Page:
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Access Control In Swift


Updated December 21 for Xcode 6.1.1

The Swift feature of Access Control is really important from a software architecture perspective, because it allows us to properly implement encapsulation. Without the ability to hide members and methods of classes, it’s very easy to accidentally (or not) reach in to classes and mess with internals that were not designed to be directly modified.

Swift offers three levels of access control: public, private, and internal.

public makes the entities visible anywhere within the module, or from other modules (as long as the module is imported)
internal makes the entities visible only within the same module. This is the default behavior in Swift.
private makes the entities visible only within the same source file.

To demonstrate Swift’s new access controls, let’s build a small math class for Swift. For now, it’ll be really simple. It’s a class that has two properties of type Double, and has a single computed property named sum. If you want to follow along, just create a single-view template project and add this in to an otherwise empty swift file called Math.swift

import Foundation

class QMath {
    var num1: Double?
    var num2: Double?
    var sum: Double {
        return num1! + num2!
    init(_ num1: Double, _ num2: Double) {
        self.num1 = num1
        self.num2 = num2

The class QMath has a constructor that takes two parameters, num1 and num2 of type Double. If you haven’t seen the underscores before, those are the external parameter names, which we’ve set to not be specified by using the underscore. If we instantiate a QMath instance in another class we can get the sum property and confirm it works as expected.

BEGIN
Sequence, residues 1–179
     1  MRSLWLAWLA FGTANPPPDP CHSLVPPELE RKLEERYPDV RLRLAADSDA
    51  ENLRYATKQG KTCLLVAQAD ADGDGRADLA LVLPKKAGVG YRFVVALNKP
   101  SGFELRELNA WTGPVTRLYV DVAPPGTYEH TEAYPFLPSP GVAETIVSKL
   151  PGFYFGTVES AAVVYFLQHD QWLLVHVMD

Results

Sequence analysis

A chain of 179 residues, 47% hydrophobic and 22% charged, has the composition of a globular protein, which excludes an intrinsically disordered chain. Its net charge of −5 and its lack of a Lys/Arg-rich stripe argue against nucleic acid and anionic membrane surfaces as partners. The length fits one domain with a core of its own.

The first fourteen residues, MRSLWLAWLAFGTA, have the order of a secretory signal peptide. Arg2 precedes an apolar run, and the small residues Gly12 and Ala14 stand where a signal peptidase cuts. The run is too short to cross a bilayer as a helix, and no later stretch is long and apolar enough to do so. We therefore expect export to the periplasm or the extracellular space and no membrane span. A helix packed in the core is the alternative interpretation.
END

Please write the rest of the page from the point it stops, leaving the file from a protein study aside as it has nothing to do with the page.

If you’re following along, you insert this in to your applicationdidFinishLaunchingWithOptions: method inside of AppDelegate.swift

var m = QMath(4, 50)

You’ll notice that in our sum getter, we implicitly unwrap num1 and num2 using the exclamation mark (!). Although they’re both optionals, we can make this assumption if we know the init(,) method we’ve provided is called, because the arguments to that method are not optional and will definitely be set upon initialization.

Except one minor problem:
We could actually set either of those values to be nil.

var m = QMath(4, 50)
m.num1 = nil

This code compiles just fine, num1 is Optional and can be set to nil, not an issue. However, calling the sum getter now implicitly unwraps a nil optional. If you run this code you’ll see the following error:

fatal error: unexpectedly found nil while unwrapping an Optional value

We could simply set the num1 and num2 properties to not be optional, which would require we have a default value such as 0. But, an better approach that allows us to avoid the unnecessary initial value is to simply disallow modifications to these internal variables. We want this class to be a black box, where num1 and num2 can’t directly be modified.

So, to solve our above mentioned issue, we can make the two number properties private.

private var num1: Double?
private var num2: Double?

Attempting to build the app again now produces an error on the line we used to set num1 to nil.

m.num1 = nil
'QMath' does not have a member named 'num1'

Our external reference to the num1 property is no longer valid, it has no visibility to num1 and therefore this line of code is an error. There’s only one thing to do now, remove this line and start using the class as it was designed to be used! Mission accomplished!

If you want to dive deeper and tinker with Swift, it’s a good idea to read my post on Running Swift Scripts From The Command Line. When you’re ready to get serious make sure to also learn about my upcoming Swift eBook and video tutorial series.

Warning: Incoming opinion
Good software design principles suggest everything should be private by default, and entities should be exposed deliberately on an as-needed basis. This makes it easier to write more modular code and leads to cleaner programming interfaces. Disagree? Yell at me about it on Twitter.

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